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What Predicts a Successful Life? A Life-course Model of Well-being

Listed author(s):
  • Richard Layard

    (LSE - London School of Economics and Political Science)

  • Andrew E. Clark

    (LSE - London School of Economics and Political Science, PSE - Paris-Jourdan Sciences Economiques - ENS Paris - École normale supérieure - Paris - INRA - Institut National de la Recherche Agronomique - EHESS - École des hautes études en sciences sociales - ENPC - École des Ponts ParisTech - CNRS - Centre National de la Recherche Scientifique, PSE - Paris School of Economics)

  • Cornaglia Francesca

    (Queen Mary University of London [London], LSE - London School of Economics and Political Science)

  • Powdthavee Nattavudh

    (University of Melbourne - University of Melbourne, LSE - London School of Economics and Political Science)

Policy makers who care about well-being need a recursive model of how adult life-satisfaction is predicted by childhood influences, acting both directly and (indirectly) through adult circumstances. We estimate such a model using the British Cohort Study (1970). We show that the most powerful childhood predictor of adult life-satisfaction is the child's emotional health, followed by the child's conduct. The least powerful predictor is the child's intellectual development. This may have implications for educational policy. Among adult circumstances, family income accounts for only 0.5% of the variance of life-satisfaction. Mental and physical health are much more important.

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Paper provided by HAL in its series PSE - Labex "OSE-Ouvrir la Science Economique" with number halshs-01109062.

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Length:
Date of creation: Nov 2014
Publication status: Published in The Economic Journal, 2014, 124 (580), pp.F720-F738
Handle: RePEc:hal:pseose:halshs-01109062
Note: View the original document on HAL open archive server: https://halshs.archives-ouvertes.fr/halshs-01109062
Contact details of provider: Web page: https://hal.archives-ouvertes.fr/

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  1. Helliwell, John F., 2003. "How's life? Combining individual and national variables to explain subjective well-being," Economic Modelling, Elsevier, vol. 20(2), pages 331-360, March.
  2. Flavio Cunha & James J. Heckman & Susanne M. Schennach, 2010. "Estimating the Technology of Cognitive and Noncognitive Skill Formation," Econometrica, Econometric Society, vol. 78(3), pages 883-931, 05.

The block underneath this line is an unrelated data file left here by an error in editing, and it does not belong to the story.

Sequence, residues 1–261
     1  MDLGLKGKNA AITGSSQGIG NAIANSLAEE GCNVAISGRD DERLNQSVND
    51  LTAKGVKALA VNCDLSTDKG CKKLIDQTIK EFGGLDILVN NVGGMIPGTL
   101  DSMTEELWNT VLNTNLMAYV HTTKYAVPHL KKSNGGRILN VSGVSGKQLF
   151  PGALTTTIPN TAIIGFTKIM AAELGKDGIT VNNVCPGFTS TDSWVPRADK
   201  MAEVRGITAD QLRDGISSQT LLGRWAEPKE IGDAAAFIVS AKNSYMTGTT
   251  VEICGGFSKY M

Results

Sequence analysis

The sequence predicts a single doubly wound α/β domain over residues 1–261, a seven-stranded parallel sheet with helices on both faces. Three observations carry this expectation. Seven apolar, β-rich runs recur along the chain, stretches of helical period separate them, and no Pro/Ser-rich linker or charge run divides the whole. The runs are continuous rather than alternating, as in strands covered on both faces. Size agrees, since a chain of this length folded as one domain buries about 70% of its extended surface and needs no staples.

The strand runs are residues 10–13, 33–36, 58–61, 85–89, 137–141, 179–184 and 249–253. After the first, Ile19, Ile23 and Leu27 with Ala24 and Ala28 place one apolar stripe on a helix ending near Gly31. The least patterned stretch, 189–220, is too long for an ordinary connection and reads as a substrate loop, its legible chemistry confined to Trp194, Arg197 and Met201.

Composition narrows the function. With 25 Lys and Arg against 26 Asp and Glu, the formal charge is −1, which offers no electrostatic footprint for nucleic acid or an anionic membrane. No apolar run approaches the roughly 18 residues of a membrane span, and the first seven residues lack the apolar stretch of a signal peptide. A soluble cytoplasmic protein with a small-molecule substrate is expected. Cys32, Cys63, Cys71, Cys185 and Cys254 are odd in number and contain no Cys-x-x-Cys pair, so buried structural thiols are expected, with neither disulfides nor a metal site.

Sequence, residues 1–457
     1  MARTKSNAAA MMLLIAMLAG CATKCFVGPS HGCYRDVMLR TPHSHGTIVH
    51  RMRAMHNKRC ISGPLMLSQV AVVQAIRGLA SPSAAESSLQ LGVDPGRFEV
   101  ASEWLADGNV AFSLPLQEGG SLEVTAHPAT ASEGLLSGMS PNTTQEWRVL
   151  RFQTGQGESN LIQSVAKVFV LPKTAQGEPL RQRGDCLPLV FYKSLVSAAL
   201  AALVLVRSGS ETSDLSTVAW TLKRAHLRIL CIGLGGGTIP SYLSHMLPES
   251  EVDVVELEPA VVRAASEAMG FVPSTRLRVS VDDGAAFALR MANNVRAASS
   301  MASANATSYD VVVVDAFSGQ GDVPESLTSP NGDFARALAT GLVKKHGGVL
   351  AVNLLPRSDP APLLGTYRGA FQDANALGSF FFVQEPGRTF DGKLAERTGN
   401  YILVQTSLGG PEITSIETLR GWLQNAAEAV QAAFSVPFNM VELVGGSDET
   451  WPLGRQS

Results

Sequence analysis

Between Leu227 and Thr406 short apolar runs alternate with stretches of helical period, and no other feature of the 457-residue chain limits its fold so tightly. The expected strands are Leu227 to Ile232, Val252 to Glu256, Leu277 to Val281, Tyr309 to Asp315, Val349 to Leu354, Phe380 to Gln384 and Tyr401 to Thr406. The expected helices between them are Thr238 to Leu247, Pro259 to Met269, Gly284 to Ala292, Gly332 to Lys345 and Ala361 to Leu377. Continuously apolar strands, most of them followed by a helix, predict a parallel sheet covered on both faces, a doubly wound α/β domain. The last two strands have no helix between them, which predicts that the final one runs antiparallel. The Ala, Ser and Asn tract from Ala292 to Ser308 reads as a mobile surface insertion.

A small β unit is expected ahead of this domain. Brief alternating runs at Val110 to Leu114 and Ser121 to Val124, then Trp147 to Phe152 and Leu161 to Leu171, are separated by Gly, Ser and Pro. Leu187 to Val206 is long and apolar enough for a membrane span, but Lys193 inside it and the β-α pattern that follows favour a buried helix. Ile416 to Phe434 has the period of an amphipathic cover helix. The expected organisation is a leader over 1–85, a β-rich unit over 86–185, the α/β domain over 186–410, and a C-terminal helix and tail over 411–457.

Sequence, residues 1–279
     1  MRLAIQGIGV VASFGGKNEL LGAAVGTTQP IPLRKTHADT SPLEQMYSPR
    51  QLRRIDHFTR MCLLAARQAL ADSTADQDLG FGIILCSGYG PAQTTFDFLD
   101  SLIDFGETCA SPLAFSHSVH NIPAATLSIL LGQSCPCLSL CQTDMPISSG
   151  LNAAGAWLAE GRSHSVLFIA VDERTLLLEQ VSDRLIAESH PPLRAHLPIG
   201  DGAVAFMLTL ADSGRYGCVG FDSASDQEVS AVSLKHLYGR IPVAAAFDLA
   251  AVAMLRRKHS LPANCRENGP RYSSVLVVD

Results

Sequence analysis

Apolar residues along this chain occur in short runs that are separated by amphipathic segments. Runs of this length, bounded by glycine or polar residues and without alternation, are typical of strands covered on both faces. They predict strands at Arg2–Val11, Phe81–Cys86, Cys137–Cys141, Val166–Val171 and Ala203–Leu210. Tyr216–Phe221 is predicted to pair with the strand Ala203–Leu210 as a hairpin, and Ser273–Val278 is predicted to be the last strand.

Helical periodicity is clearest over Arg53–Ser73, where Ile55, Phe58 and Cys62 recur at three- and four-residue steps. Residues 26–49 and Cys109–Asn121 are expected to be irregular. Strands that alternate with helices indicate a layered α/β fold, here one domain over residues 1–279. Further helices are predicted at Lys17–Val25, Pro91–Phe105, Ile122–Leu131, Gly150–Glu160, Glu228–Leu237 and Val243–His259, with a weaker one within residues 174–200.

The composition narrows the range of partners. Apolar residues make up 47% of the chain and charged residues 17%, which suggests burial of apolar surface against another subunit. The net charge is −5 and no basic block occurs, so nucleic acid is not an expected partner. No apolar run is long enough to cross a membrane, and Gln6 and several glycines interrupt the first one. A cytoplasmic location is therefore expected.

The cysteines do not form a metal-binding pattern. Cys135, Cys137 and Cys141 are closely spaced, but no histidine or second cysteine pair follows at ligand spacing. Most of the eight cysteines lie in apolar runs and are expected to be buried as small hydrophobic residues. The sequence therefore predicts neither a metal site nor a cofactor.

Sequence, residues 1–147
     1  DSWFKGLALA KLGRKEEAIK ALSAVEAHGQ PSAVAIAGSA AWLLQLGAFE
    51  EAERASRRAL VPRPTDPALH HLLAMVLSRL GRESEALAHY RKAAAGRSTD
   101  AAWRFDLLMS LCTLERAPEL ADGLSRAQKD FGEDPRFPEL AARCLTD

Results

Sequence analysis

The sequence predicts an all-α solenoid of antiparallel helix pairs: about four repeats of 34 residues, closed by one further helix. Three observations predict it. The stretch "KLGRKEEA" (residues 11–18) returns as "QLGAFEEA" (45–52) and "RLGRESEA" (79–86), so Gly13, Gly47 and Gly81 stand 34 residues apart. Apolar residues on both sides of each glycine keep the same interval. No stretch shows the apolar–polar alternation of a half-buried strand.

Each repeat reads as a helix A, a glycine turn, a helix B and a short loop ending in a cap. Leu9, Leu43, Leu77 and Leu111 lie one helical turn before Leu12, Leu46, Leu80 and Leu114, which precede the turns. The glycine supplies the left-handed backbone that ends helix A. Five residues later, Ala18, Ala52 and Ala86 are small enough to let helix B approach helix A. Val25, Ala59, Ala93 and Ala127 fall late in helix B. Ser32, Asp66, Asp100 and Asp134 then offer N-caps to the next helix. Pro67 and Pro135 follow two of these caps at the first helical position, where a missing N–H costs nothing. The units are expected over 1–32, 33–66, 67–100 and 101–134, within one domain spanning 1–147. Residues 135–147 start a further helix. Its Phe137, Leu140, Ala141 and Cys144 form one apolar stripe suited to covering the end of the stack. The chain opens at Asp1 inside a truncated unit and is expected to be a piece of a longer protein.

3. Nicholas A. Christakis & Jan-Emmanuel De Neve & James H. Fowler & Bruno S. Frey, 2012. "Genes, Economics and Happiness," CEP Discussion Papers dp1127, Centre for Economic Performance, LSE.
  4. Andrew E. Clark & Richard Layard & Claudia Senik, 2012. "The causes of happiness and misery," Post-Print halshs-00846583, HAL.
  5. Clark, Andrew E & Oswald, Andrew J, 1994. "Unhappiness and Unemployment," Economic Journal, Royal Economic Society, vol. 104(424), pages 648-659, May.
  6. Mathilde Almlund & Angela Lee Duckworth & James J. Heckman & Tim D. Kautz, 2011. "Personality Psychology and Economics," NBER Working Papers 16822, National Bureau of Economic Research, Inc.
  7. Marcus Richards & Stephani L. Hatch, 2011. "A Life Course Approach to the Development of Mental Skills," Journals of Gerontology: Series B, Gerontological Society of America, vol. 66(suppl_1), pages 26-35.
  8. Flavio Cunha & James J. Heckman, 2008. "Formulating, Identifying and Estimating the Technology of Cognitive and Noncognitive Skill Formation," Journal of Human Resources, University of Wisconsin Press, vol. 43(4).
  9. James J. Heckman, 2011. "Integrating Personality Psychology into Economics," NBER Working Papers 17378, National Bureau of Economic Research, Inc.
  10. Christopher Boyce & Alex Wood & Nattavudh Powdthavee, 2013. "Is Personality Fixed? Personality Changes as Much as “Variable” Economic Factors and More Strongly Predicts Changes to Life Satisfaction," Social Indicators Research: An International and Interdisciplinary Journal for Quality-of-Life Measurement, Springer, vol. 111(1), pages 287-305, March.
  11. Martin Knapp & David McDaid & Michael Parsonage, 2011. "Mental health promotion and mental illness prevention: the economic case," LSE Research Online Documents on Economics 32311, London School of Economics and Political Science, LSE Library.
  12. Frijters, Paul & Johnston, David W. & Shields, Michael A., 2011. "Destined for (Un)Happiness: Does Childhood Predict Adult Life Satisfaction?," IZA Discussion Papers 5819, Institute for the Study of Labor (IZA).
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